Why Vacation Was A Critical Failure At The Box Office

On July 29, 1983, a little movie called National Lampoon’s Vacation took the cinema world by storm and the success of that first film spawned three more sequels. The fourth entry, Vegas Vacation, came out to abysmal reviews, and even worse, it made less than $40 million, making it a complete dud at the box office. The franchise was shelved for over a decade until 2015 when Ed Helms came onboard as Rusty Griswold, a man looking to revisit his childhood memories by going on a cross-country excursion to the theme park that brought him and his family so much joy when he was a young boy. Given the level of talent on this project, Vacation had all the makings for a strong reboot; however, those dreams were quickly shattered once the review embargo lifted, and the Ed Helms vehicle was blasted by most critics. Ultimately, Vacation would go to make $104.9 million worldwide, which is actually an excellent return for the film since its price tag was $31 million. The original intentions were to start a new franchise and considering the fact that the movie made double its budget back, it seemed like a slam dunk that another Vacation movie would be greenlit. However, the studio has been radio silent on the project and since it’s been seven years since Vacation came out, I think it’s the same to assume that a sequel won’t be coming out anytime soon. So, what happened? How did the reboot fail to recapture the magic that made the first few set of movies a classic? Let’s dive deeper into the reasoning behind the failure of Vacation.

The Reboot Didn’t Understand The Charm And Story Of The Original

There’s nothing complicated about the story of Vacation. In fact, it’s virtually identical to the original story of the very first film. However, one of the key differences between both films is the cast of characters. First, the reboot makes the mistake of having Rusty being a complete idiot. Some of the original films had a different incarnation of the character, with one of Rusty’s traits being that he wasn’t exactly the sharpest tool in the shed. This can actually work as a supporting character. Ed Helms is no stranger to playing morons, with the most notable being his role as Andy Bernard in The Office. However, when the show tried to make Andy the lead, his loveable charm turned him into one of the most annoying douchebags on the series. Rusty isn’t much of an a**hole like Andy, but the jokes based on Rusty simply being dumb ring hollow and more importantly, grow tiresome. It never feels authentic and unfortunately, Helms oddly feels out of place for a role that he should’ve knocked out of the park. However, it’s not just Helms that’s the issue, his sons aren’t exactly likeable characters, especially Kevin Griswald. It’s supposed to be funny that the young son is bullying the eldest, but it comes off as mean spirited and cringe worthy at times. Christina Applegate’s character is the only one who isn’t a deplorable person here, but considering the weak script, she’s not exactly able to do much but garnered a few good laughs.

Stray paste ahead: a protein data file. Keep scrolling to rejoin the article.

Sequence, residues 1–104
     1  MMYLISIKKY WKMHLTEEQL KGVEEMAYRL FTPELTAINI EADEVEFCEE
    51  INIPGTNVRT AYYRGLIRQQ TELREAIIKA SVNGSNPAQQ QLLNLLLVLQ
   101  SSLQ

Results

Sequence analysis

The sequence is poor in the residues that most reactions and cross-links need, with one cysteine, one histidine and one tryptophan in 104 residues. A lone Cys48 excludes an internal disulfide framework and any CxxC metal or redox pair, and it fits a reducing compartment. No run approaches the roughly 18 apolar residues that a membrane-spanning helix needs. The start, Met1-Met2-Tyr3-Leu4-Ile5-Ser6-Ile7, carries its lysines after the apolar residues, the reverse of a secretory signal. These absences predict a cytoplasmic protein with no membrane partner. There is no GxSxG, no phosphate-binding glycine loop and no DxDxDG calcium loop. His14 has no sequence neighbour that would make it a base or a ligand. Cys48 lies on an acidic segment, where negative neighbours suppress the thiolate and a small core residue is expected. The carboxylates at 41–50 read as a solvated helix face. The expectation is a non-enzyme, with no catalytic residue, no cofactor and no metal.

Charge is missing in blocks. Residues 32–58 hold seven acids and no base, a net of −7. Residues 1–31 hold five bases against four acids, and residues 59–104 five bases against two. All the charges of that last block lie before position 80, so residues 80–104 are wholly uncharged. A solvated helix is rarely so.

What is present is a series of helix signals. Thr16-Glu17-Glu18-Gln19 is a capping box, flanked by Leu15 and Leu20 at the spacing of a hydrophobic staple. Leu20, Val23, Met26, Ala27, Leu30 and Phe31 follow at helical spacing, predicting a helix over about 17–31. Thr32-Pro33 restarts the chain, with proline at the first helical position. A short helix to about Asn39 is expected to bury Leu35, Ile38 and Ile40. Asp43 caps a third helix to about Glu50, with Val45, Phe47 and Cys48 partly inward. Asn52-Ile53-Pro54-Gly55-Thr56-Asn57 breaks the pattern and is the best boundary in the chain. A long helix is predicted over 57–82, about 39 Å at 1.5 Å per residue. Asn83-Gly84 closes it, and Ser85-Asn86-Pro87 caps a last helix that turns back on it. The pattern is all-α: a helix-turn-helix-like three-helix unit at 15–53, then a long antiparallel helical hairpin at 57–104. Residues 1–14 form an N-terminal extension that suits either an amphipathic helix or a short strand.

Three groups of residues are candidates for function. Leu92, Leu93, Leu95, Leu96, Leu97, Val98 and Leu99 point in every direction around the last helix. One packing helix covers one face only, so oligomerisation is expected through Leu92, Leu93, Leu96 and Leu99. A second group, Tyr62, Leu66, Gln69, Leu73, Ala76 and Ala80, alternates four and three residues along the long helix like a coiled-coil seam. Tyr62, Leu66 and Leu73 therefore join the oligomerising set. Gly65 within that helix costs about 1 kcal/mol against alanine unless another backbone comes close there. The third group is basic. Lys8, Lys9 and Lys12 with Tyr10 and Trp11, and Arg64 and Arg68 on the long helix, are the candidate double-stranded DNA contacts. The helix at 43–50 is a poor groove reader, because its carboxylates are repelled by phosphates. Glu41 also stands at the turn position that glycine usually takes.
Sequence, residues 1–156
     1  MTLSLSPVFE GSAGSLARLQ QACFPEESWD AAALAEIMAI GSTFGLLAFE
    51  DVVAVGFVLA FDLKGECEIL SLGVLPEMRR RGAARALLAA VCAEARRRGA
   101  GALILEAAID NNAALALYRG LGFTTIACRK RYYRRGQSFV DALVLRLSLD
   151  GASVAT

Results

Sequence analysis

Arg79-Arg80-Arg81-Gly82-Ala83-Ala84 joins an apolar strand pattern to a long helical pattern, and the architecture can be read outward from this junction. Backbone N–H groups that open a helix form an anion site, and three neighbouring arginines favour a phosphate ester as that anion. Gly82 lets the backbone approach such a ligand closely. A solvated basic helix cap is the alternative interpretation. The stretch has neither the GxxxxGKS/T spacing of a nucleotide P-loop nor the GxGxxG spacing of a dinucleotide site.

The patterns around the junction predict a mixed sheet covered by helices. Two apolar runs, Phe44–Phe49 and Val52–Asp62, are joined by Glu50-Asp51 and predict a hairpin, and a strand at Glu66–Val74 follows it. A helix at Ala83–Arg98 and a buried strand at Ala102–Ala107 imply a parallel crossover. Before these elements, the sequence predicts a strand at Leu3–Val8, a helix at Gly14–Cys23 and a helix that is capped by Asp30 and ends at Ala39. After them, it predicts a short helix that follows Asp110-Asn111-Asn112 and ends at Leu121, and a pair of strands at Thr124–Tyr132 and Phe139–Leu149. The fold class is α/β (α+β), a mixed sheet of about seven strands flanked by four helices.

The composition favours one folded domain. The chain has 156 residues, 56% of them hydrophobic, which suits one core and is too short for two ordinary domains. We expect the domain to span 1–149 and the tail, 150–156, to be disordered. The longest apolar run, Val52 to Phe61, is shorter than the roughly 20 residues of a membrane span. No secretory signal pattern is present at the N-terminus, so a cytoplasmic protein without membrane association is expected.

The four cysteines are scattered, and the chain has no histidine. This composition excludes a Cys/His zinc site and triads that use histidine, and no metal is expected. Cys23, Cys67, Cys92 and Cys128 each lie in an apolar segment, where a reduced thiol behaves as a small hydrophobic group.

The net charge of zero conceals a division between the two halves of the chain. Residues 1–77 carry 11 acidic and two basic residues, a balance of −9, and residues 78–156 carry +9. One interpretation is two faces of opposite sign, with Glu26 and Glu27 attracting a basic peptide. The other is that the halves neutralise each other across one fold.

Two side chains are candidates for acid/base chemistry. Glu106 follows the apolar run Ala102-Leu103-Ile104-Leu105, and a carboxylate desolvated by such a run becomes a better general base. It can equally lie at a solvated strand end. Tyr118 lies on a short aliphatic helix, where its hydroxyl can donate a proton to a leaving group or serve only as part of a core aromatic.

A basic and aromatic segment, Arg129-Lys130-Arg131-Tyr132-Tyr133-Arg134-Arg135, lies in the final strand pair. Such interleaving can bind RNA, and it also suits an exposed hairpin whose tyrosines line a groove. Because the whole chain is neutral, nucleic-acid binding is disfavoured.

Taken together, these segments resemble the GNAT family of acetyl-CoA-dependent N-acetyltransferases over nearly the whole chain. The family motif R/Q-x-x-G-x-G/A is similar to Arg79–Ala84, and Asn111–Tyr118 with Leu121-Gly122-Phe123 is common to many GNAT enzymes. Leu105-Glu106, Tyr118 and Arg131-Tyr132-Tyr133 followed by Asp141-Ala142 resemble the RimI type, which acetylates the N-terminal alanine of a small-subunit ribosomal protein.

The Script Only Cares About Crude and Raunchy Humor

National Lampoon’s Vacation is deserving of its R rating; however, the film doesn’t go out of its way to be crude and raunchy. Alot of the jokes happen organically and the most crucial aspects is the heart, charm, and wit elements of the original films. Vacation tries way too hard to be funny so it puts its mature rating to use by throwing everything at the wall to see what sticks. There’s a good laugh or two in this film, mainly from Debbie Griswald; however, the jokes are easy to see coming a mile away. There’s nothing wrong with raunchy and crude humor. The Hangover – a film that Helms is featured in – is a great example of how to balance this type of humor organically. None of the jokes feel forced and there’s a lot of unpredictably and originality coming out of the situations that Stu, Phil, and Alan find themselves in. It also helps that we actually care about the three main characters in The Hangover. Vacation features plenty of callbacks to the original source material but it doesn’t seem to understand why so many people cherish those movies in the first place. Vacation is far from the worst comedy you’ll ever see, but there’s simply no point in continuing a franchise with a cast of unlikeable central characters.


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